[LAUGHTER]
14:33
You had to be watching.
14:35
So the difference there is not digesting the whole world.
14:38
Because in the React app, it was easily– by default,
14:40
the design is to only really digest
14:41
the things you need to, although it doesn’t have a digest.
14:44
And in fact, the root scope digest
14:46
didn’t run at all inside the React directive.
14:48
So there you you.
14:49
So that’s kind of the difference.
14:52
All right.
14:52
So let’s go back to slides here.
14:55
There are drawbacks to using React.
14:57
First of all, you will add 500 kilobytes of code to your app.
15:00
It is not a tiny library.
15:01
Secondly, you must have a JSX build step.
15:03
You can write Reactive without JSX, but I don’t recommend it.
15:06
Thirdly, you now have two frameworks in your app.
15:08
Now, this is a problem because you have people to train,
15:10
you have developers who won’t know one or the other,
15:12
and now they might have to know both.
15:14
So it can be a problem.
15:16
Lastly, you might very well have to change
15:17
your internationalization.
15:18
We did.
15:19
We support 14 languages, and we had
15:21
to use a very different internationalization
15:23
pattern with React than we did with Angular.
15:25
React, however, does shine.
15:27
In the initial download, it does really well,
15:29
because it can batch all of the operations
15:31
to generate it really quickly.
15:32
And this is mostly thanks to things like inner HTML.
15:35
Also, after small state changes, React
15:37
is really good about only touching the parts of the DOM
15:39
that actually changed.
15:40
And it’s even really good when there
15:41
is big changes in the DOM, because it can bulk do those,
15:45
too.
15:46
React is kind of weak after there are no state changes.
15:49
If you tell React to re-render your whole app,
15:51
it will generate all of the new virtual DOM.
15:53
And in my experience, it takes about twice as long
15:55
to generate all the virtual DOM for an app of significant size
15:58
than it does to run through the digest dirty check once.
16:02
For an app I was testing with, for example, you
16:04
can get 13 milliseconds verses about 27 milliseconds in React,
16:07
which you might think is insignificant,
16:09
except 27 is greater than the 60 SPS boundary, which
16:12
is 16 milliseconds.
16:13
And so it does make a difference.
16:15
One of the strategies I use is to not
16:17
tell the whole app to re-render, but rather,
16:19
find the components that have changed
16:20
and tell those to re-render.
16:22
So that’s pretty much all I wanted to show you about React,
16:24
but I do have one more thing that I wanted to show you.
16:30
I did actually build the app in Angular 2.
16:34
Thanks a lot to the Angular team for helping
16:36
me get this working.
16:37
And I just wanted to show you what that looks like.
16:40
So first of all, I’m going to hit the Load button.
16:43
That’s actually really fast.
16:44
Hope you can see that.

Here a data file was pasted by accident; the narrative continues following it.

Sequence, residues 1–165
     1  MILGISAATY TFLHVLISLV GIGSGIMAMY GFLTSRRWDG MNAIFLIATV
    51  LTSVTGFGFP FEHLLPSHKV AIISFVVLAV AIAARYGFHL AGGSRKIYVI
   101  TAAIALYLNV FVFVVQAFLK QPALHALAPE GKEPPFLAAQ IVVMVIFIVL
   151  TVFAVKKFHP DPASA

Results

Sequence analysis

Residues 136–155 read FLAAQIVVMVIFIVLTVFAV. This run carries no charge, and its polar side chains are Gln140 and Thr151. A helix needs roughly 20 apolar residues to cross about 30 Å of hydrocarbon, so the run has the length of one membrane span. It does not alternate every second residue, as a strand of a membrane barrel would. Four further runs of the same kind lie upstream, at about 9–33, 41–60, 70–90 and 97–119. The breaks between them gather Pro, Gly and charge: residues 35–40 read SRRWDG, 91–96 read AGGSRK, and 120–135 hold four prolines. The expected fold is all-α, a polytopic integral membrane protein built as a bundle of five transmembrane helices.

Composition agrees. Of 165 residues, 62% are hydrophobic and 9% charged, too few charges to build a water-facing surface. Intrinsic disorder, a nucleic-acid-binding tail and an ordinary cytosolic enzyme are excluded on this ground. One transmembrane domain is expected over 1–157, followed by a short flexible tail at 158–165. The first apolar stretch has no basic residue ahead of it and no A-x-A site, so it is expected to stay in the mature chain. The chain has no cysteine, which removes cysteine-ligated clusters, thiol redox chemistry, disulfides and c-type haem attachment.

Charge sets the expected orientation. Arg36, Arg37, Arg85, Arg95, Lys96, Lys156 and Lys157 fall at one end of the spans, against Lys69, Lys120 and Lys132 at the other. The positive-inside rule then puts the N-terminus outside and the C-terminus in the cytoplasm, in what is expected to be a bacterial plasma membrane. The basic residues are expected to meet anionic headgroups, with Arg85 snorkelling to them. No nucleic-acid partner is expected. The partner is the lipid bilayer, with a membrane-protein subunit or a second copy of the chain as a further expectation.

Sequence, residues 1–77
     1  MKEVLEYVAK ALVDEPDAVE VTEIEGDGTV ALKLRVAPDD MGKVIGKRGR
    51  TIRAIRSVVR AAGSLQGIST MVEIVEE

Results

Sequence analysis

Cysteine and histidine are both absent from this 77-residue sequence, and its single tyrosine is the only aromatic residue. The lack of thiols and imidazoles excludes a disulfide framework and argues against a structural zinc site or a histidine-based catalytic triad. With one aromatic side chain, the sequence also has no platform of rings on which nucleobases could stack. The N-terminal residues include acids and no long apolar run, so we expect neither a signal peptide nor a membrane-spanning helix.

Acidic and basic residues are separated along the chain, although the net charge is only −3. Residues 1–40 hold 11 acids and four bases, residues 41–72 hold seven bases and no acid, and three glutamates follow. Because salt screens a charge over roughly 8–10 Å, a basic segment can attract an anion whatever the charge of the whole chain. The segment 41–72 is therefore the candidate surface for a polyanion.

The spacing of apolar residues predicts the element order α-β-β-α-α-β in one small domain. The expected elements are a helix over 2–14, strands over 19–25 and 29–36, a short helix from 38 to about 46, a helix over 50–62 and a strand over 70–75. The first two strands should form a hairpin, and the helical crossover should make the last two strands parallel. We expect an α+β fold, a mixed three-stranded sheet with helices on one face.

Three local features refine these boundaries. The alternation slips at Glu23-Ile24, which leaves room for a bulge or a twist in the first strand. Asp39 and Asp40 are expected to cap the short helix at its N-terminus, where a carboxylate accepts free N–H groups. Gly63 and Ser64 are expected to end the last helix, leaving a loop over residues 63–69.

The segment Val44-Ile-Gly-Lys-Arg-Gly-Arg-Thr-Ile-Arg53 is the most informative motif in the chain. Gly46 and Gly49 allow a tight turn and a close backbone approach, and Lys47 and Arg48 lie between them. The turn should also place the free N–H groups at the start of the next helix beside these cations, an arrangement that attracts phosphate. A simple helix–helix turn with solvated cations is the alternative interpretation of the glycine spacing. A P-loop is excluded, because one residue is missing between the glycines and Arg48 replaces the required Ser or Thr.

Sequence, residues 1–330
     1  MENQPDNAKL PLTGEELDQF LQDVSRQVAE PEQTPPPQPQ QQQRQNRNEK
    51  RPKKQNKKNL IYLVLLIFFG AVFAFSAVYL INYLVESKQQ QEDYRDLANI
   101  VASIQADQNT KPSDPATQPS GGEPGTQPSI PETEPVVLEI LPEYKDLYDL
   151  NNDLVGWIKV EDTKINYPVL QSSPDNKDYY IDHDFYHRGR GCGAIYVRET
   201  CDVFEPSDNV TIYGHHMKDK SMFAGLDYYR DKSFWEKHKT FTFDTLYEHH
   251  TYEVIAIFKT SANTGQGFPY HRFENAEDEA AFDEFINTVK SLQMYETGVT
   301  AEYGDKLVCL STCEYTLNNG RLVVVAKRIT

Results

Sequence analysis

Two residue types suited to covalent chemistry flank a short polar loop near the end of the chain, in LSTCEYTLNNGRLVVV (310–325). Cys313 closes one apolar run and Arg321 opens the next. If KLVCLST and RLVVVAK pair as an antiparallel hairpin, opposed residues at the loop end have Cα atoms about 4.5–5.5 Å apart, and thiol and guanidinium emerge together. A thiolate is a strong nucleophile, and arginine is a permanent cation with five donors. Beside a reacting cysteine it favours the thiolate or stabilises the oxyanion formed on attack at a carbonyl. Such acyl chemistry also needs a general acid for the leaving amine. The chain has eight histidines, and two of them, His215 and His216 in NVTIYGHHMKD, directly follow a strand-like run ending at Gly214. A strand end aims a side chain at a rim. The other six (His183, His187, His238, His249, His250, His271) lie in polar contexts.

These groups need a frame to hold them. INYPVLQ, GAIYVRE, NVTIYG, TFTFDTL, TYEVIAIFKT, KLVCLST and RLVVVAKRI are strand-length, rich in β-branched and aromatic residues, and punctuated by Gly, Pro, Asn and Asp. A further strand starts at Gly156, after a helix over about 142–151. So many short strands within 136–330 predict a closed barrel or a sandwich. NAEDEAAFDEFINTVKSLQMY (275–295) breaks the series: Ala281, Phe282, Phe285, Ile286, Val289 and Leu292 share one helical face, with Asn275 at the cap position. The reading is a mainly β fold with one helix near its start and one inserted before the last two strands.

16:45
Now I’m going to hit the Search button.
16:47
So you will want to be watching for this, because remember,
16:52
here’s how it looked like with React.
16:54
Just pay attention to how long it took.
16:56
This is React.
17:00
And here is Angular 2.
17:02
[CHEERS AND APPLAUSE]
17:17
[LAUGHTER]
17:18
Angular 2 is really, really fast.
17:23
You have to do your own engineering.
17:24
You need to measure, observe, and decide for your team.
17:27
Thanks very much.
17:28
[APPLAUSE]
17:37
DAVE SMITH (VOICEOVER): Hey, everybody.
17:40
You may have noticed a mistake that I made in my talk
17:42
when I was comparing the performance of Angular
17:45
2 and the React example.
17:49
The problem was that in my Angular 2 example,
17:52
the random millis function was written
17:54
to return 0 while the react function at the time
17:58
was written to return a random number between 0 and 500.
18:04
So it’s really not a fair comparison
18:06
to show the run times of the two frameworks when one of them
18:10
is set up to return more slowly.
18:12
I’m really sorry about that.
18:14
It was completely accidental.
18:16
Now I want to make it right and show you
18:17
what it looks like when both frameworks are set up to return
18:20
a zero millisecond timeout.
18:23
So here is the React example.
18:28
And I’m not even going to run the profiler.
18:30
I’m just going to let you see it visually.
18:32
So I’m going to click the Search All Month button.
18:36
OK.
18:36
And here is the Angular 2 example.
18:41
To my eye, the Angular 2 example does look a little bit faster
18:45
for this particular example.
18:48
But it’s worth mentioning that the Angular team actually
18:52
helped me optimize this.
18:53
And the React team hasn’t had a chance to look at this at all.
18:57
I wouldn’t make any kind of conclusion
18:59
about the relative performance of these two frameworks
19:01
from this example.
19:03
But I at least wanted to show that I did make a mistake,
19:07
and I did make the performance difference look more
19:10
significant than it really was.
19:12
So I apologize for that.
19:13
And thanks for being patient with me as I
19:15
work on performance.
19:16
Like I said in my talk, performance is hard.
19:19
And what I didn’t say in my talk is that I’m a gigantic idiot,
19:22
and you probably shouldn’t listen
19:24
to anything I say anyway.